Teen Speaks Out On Brutal Arrest
By Natalia Kozikowska
On Feb. 12, Robert Jackson, a 19-year-old Southeast Queens resident, broke his silence and made his first public statement about his controversial and violent arrest in Flushing.
|Robert Jackson discussed his January arrest in Flushing, where he claims officers violently assaulted him.
Photo by Ira Cohen
At a press conference in Laurelton, reporters were shown a 55-second video that appeared to show Jackson being pinned down, repeatedly punched and beaten by police officers of the 109th Precinct.
After being startled his first time in front of the cameras, Jackson, who is facing charges of resisting arrest, obstructing governmental administration, possession of marijuana and disorderly conduct, opened up about the large scar on his face, which he allegedly obtained during the Jan. 8 incident near the precinct house on Northern Boulevard around noon.
“When I first saw my face, I was shocked. How could someone do this to me?” he asked. “I didn’t even do anything. I was on my break from lunch. I was like, ‘Did I do anything wrong?’”
The footage, which went viral on the popular urban website, WorldStarHipHop.com, was captured by a bystander on his cell phone and showed more than eight officers near the 130-pound teen, at least four of which were restraining Jackson, his face scraping against the concrete. He can be heard pleading with officers to “stop.” At least one other officer is seen kicking Jackson in the face.
Although shaky and of poor quality, the video also appeared to show a supervisor present at the time of his arrest.
The press conference, organized by Jacques Leandre, Jackson’s attorney of record and a candidate for the 31st District Council seat, was attended by some notable leaders in the Black community.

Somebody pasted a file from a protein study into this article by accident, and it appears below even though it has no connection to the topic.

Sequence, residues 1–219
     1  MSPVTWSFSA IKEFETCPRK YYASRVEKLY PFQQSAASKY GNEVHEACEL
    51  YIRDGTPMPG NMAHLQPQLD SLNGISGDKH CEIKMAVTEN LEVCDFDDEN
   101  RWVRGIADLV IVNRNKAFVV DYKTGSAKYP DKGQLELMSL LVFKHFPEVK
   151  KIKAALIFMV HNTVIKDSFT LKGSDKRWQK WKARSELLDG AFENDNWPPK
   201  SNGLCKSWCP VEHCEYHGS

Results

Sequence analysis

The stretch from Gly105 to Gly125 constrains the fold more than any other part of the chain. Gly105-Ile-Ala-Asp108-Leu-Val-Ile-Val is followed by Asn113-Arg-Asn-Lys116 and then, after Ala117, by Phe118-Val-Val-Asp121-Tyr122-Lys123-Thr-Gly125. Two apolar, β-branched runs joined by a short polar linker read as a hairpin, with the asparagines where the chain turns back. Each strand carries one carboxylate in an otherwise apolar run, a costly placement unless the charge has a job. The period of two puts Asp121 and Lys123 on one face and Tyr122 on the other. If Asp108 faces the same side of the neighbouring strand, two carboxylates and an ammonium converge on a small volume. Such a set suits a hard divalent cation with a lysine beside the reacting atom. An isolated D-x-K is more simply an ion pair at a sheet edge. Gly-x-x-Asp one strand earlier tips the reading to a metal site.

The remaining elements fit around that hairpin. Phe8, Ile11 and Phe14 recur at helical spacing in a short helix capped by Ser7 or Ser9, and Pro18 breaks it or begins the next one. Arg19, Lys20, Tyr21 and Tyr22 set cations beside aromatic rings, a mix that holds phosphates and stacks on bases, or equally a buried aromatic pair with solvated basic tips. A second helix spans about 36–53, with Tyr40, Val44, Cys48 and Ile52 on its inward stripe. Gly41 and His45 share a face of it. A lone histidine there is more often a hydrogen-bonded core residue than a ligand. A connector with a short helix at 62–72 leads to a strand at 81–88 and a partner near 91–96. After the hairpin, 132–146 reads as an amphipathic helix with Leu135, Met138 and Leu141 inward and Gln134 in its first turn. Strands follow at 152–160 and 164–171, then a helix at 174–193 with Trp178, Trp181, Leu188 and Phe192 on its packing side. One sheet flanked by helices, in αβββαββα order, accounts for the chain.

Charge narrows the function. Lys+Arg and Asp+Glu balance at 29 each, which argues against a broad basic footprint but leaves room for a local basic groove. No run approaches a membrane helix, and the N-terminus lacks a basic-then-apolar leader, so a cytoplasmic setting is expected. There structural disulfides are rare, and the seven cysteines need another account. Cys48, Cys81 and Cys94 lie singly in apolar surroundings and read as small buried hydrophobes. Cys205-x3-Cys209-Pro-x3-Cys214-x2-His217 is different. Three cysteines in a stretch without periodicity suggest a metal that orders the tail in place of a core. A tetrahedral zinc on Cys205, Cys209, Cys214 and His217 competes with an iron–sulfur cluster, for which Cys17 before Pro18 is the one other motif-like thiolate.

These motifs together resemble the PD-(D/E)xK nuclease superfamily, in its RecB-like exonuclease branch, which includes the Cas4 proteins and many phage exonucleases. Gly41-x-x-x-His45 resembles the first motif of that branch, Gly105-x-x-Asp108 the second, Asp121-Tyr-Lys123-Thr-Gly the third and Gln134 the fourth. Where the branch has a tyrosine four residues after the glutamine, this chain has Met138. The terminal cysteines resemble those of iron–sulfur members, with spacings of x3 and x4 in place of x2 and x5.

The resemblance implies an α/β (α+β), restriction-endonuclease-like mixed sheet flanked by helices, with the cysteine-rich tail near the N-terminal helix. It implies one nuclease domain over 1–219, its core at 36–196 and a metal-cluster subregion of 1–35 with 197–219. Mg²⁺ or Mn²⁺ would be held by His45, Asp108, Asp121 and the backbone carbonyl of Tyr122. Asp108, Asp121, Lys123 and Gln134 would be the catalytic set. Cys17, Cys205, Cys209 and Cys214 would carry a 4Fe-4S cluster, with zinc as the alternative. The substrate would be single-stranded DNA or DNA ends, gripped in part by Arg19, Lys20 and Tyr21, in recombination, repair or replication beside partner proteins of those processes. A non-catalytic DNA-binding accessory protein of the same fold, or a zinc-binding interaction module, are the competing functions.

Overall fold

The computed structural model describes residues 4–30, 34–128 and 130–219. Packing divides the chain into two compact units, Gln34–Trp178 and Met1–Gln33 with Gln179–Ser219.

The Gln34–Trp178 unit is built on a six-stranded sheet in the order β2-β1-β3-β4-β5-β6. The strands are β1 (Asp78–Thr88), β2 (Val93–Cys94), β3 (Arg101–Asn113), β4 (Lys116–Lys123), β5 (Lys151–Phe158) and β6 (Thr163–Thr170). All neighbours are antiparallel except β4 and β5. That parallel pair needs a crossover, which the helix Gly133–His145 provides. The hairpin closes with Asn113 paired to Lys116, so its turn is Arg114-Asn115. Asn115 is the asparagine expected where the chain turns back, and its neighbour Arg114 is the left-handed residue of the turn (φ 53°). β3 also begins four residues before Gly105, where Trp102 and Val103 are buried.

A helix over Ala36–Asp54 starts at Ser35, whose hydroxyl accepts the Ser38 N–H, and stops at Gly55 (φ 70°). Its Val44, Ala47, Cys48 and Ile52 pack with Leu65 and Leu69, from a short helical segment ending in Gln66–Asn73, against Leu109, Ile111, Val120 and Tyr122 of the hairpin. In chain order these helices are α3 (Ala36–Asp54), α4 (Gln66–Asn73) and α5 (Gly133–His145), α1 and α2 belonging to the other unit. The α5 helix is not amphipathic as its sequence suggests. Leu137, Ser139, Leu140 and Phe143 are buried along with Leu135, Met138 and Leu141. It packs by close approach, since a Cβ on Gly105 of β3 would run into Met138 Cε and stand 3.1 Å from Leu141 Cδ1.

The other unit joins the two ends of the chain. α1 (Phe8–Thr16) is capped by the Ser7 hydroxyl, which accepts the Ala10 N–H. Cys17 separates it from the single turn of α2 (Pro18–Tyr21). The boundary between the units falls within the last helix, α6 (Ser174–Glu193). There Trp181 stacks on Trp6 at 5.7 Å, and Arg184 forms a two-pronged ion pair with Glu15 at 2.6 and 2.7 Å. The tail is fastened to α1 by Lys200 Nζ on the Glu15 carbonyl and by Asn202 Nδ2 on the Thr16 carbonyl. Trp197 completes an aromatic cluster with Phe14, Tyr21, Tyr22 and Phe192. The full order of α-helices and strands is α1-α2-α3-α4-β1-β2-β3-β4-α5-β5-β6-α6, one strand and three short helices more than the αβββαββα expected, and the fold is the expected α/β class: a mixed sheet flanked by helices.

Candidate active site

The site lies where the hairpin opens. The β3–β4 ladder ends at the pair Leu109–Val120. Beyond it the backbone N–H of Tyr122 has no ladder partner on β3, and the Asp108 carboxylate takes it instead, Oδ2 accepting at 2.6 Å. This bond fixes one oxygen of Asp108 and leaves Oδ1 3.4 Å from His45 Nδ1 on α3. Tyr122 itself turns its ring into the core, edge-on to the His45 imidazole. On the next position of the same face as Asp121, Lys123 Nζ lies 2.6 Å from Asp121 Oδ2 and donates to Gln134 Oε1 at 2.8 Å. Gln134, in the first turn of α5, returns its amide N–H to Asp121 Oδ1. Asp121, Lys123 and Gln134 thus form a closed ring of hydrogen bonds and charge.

“The full community is behind Mr. Jackson; we stand strong with Mr. Jackson because we understand that Mr. Jackson is not just an individual, he is actually a whole community and this incident could have happened, and it does happen, way too often,” Leandre said. “Hopefully, we are going to bring an end to police brutality.”
William Bell, the father of Sean Bell, members of the clergy and representatives from the National Action Network and the Queens National Association for the Advancement of Colored People were all on board to vocalize their disappointment in the alleged misconduct of the police officers.
“I’m just appalled at this kind of service that many of our police officers are doing in our community,” said Rev. Charles Norris, pastor of the Bethesda Missionary Baptist Church in Jamaica. “We know just as there are some bad people in the community, there are some bad police officers on the police force, and they seem to consistently beat our young men.”
“This is how they [the police] do it – they beat them half to death,” said a passionate Bell, who tragically lost his son in 2006 after being wrongfully shot by police officers in Jamaica. “You got to put them aside – make them accountable for it. Let’s stop protecting them.”
Although Leandre refused to disclose whether or not Jackson had any priors, reports indicate he has been arrested four other times and was allegedly found to be in possession of a gun and knife during one of the arrests. He has not been found guilty for the charge.
Leandre also did not reveal the reason for the initial stop, citing the sensitivity of the case and respect for his client, but reports say the officer’s complaint said he asked the teen for identification after seeing him yelling profanities and engaging in violent behavior. Jackson then allegedly walked away, put his hands in his two jacket pockets and refused to show his hands, resisted arrest and even attempted to bite an officer.
Local leaders stood firm behind Jackson and his cause, arguing he was targeted because of his race and that the violence one sees in the video of his arrest was excessive and unjustified.
“It is not a question of who he was as a youngster, it’s not a question of what he was doing. We are not protesting at this particular moment the fact that he was stopped,” said Bob Law of the National Leadership Alliance. “We have an issue with black youth being stopped consistently. The crime most often is that they were walking while black.”
Detective Cheryl Crispin, a spokesperson for the New York Police Department, said in an email that they are “aware of the matter and it has been referred to the CCRB [the New York City Civilian Complaint Review Board].”
No additional statement was given.
Reach Reporter Natalia Kozikowska at (718)357-7400 Ext. 123 or firstname.lastname@example.org.